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The Frequency of Empowerment

Costa Rica boasts a 97 percent literacy rate, in part by utilizing the sometimes-forgotten radio system.

Christina Ausley
Alexander Richey
Alexander Richey

Utilizing reformed systems of technology, Costa Ricans of all ages can now further and complete their education without setting a foot outside of their own home.

 

Programs like Maestro en Casa, translated to “teacher in the house,” utilize distance learning to educate and engage the youth of countries like Panama and Costa Rica through basic radio systems. As a result, Costa Rica retains a 97 percent literacy rate within a country made up almost entirely of rural communities.

 

“The one thing about a radio that I think really works in rural areas that are trying to improve literacy is that it’s so cheap and versatile,” said Pat Duggins, news director of Alabama Public Radio. “Television takes a lot to make it work, you need a lot of electricity and infrastructure to receive the message.”

 

Maestro en Casa aims to extend education to all segments of the population, use distance education to reach people who live in remote areas or have mobility problems, give people who cannot attend a traditional school a chance to continue studying and empower parents to help their children with their education.

Additionally, the radio is easily accessible and provides education within the safety of home. Regardless of weather disruptions or class cancellations, education is available at the turn of a dial at every hour in Costa Rica.

Dispatches
from Costa Rica
Presents:
Travel to the land of the indigenous Maleku people and hear how a radio station began in a forest on this episode of Dispatches. Translation may be required...

Tune in to more

Dispatches
Left: ICER prints textbooks in-house. ICER's Foley studio used to make sound effects for their educational programs. Vida Magazine | Alexander Richey
Right: Iris Moore is the Academic Director of ICER. Vida Magazine | Alexander Richey

“Some of these radios like the Red Cross radio even have these solar panels on it, so you literally just set it out in the sun and it’ll charge up,” Duggins said.

 

Organizations like the Costa Rican Institute of Radio Education (ICER), a distance learning program utilizing 15 different stations, have made their broadcasts available to individuals of all ages. The program encourages everyone, regardless of gender or age, to further their education.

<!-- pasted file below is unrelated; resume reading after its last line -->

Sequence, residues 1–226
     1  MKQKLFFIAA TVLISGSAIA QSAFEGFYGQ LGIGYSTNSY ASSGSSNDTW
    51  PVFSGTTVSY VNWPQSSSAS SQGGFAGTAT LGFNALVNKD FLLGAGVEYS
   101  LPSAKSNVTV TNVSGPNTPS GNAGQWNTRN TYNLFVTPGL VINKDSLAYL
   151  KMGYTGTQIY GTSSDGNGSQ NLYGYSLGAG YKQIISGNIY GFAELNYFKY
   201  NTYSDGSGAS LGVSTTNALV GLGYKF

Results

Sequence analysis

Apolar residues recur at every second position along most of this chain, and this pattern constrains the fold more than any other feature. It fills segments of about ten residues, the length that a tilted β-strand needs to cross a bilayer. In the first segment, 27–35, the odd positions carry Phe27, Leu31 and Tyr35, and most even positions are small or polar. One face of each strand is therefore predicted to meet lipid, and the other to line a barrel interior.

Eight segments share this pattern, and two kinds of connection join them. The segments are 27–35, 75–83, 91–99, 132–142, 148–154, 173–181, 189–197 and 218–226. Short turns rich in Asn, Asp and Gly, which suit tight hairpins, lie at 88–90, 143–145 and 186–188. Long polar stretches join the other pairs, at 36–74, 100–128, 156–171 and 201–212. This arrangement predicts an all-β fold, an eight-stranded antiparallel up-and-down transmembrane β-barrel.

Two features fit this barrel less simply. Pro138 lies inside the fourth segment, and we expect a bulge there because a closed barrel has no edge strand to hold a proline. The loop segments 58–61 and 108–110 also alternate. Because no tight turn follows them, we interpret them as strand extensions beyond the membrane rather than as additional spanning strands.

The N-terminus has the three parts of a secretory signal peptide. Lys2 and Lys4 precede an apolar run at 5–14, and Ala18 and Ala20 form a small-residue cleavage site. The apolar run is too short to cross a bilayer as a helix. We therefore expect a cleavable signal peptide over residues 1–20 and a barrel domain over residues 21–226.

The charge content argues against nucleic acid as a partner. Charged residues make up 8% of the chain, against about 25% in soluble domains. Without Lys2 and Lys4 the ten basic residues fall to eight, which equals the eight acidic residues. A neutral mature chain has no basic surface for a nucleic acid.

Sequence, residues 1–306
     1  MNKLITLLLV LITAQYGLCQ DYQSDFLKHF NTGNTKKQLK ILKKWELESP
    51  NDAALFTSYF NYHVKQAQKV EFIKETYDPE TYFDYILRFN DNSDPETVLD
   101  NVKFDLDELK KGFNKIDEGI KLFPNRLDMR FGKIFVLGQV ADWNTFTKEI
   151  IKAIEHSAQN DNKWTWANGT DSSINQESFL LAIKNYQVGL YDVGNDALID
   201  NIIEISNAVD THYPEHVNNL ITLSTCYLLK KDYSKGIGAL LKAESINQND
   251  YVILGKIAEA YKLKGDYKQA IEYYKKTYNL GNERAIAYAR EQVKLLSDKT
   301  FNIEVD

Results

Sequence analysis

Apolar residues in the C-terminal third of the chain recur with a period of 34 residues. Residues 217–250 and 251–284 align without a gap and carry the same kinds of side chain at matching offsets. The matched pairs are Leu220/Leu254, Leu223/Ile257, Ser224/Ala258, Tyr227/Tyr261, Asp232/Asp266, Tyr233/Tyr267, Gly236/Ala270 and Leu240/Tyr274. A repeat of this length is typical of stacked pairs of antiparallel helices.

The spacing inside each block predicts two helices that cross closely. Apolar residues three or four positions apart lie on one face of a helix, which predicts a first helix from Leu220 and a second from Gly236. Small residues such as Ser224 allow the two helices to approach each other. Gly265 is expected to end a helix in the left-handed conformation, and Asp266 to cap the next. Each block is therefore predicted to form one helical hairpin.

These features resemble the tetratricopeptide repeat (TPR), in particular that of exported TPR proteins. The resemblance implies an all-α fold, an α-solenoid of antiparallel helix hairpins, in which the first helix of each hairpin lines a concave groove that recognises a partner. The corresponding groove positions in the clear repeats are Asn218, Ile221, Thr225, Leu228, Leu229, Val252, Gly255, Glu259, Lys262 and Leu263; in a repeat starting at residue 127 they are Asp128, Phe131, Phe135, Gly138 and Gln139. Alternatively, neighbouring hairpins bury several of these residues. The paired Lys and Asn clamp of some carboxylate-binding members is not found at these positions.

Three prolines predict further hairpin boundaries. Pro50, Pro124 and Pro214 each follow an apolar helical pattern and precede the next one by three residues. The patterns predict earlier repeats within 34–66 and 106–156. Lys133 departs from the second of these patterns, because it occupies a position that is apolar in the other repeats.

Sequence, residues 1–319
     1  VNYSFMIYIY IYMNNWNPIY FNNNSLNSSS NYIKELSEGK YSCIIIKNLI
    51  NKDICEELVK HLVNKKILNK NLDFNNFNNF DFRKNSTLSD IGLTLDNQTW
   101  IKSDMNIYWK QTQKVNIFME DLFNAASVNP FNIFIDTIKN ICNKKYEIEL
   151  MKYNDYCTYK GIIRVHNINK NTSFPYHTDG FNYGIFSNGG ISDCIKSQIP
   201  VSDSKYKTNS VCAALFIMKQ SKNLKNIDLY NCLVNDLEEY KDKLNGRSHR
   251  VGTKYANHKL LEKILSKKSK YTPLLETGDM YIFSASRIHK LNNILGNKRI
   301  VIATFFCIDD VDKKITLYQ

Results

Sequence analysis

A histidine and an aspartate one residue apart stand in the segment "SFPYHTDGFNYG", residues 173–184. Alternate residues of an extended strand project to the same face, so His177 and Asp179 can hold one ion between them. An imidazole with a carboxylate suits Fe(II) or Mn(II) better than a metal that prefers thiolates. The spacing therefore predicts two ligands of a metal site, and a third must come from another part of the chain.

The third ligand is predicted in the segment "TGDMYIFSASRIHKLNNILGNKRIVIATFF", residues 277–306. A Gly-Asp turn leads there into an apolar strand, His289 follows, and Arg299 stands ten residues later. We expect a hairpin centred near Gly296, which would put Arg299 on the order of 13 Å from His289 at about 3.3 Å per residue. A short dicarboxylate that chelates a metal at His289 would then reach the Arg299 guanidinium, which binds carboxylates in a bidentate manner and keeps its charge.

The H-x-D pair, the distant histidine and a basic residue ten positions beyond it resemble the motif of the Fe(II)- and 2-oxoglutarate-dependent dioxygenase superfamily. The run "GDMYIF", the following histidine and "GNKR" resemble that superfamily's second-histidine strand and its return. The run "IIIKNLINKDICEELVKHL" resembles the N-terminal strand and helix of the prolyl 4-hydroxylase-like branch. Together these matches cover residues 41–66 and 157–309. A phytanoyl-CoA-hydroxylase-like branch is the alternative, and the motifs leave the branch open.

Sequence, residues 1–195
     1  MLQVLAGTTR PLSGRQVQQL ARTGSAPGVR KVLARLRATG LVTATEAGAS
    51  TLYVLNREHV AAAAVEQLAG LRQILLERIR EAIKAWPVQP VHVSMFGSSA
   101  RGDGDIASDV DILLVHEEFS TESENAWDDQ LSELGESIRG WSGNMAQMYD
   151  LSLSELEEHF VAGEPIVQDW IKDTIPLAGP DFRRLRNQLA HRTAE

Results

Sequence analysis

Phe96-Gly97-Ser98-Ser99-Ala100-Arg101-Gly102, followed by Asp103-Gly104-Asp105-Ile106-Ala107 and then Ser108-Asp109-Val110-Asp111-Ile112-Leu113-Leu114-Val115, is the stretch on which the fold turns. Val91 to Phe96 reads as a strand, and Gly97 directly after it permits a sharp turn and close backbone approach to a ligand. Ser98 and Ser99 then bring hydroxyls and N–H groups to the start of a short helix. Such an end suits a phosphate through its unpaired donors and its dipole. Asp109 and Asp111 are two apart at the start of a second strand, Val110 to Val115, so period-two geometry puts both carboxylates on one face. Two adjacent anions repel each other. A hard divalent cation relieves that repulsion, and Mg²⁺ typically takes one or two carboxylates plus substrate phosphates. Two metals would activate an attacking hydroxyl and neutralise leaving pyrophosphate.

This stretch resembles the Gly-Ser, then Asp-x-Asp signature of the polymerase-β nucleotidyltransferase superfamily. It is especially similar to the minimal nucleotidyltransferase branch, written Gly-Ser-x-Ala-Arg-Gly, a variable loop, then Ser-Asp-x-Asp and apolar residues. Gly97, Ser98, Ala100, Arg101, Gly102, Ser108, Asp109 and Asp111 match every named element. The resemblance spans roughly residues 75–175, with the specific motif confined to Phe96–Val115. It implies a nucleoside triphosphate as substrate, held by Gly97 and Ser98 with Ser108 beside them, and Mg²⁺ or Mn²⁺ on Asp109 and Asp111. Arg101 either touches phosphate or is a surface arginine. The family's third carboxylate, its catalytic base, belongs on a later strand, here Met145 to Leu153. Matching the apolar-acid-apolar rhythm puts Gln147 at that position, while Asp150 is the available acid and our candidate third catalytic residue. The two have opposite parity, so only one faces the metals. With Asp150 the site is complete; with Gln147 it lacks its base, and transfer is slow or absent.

“Recently we had graduation in December, and 1,300 students graduated,” said Iris Moore, Academic Director of  ICER. “And one of the honoraries was a man, 70 years old, that finally concluded his high school, which is something very appreciated by us.”

ICER dedicates itself to promoting the educational system and hopes to serve the community in whatever its needs may be, preparing educational material to broadcast to listeners across the country who have stagnated in their opportunities for a formal education.

 

“It might be young students who could not make it to a formal educational system, or the other part of our population is those adults who did not finish their primary or secondary studies and want to continue, so this is the option that they can move into and succeed.” Moore said.


ICER has been successful in providing high-school degrees of education to its students, passing many along to further universities and professional occupations.

Left: Around 1,300 students graduated last December with the help of ICER's textbooks and radio programs. Vida Magazine | Alexander Richey
Right: Iris Moore gives a tour of ICER's printing room. Vida Magazine | Alexander Richey

To help support, ICER has noted a worldwide effort to help further its goals and opportunities for those without a nearby school through a variety of visiting professionals and educators. Visiting from abroad, these instructors introduce new techniques and technologies that may benefit the system as a whole.

 

“They come here and do something similar to community work, and help us in creating better techniques or better technologies so that we can trigger all of the material better for the students,” Moore said. “They have been very helpful in terms of what we are today and what we are creating.”

 

Overall, institutions like Maestro en Casa and ICER hope to continue providing one thing: easily accessible education for all. As a result, it’s no surprise the literacy rate has risen to such a high standard.


“Believe me, it has been very very helpful nation-wide and individual-wide,” Moore said. “This is a way to help them move forward in society and get a better life.”

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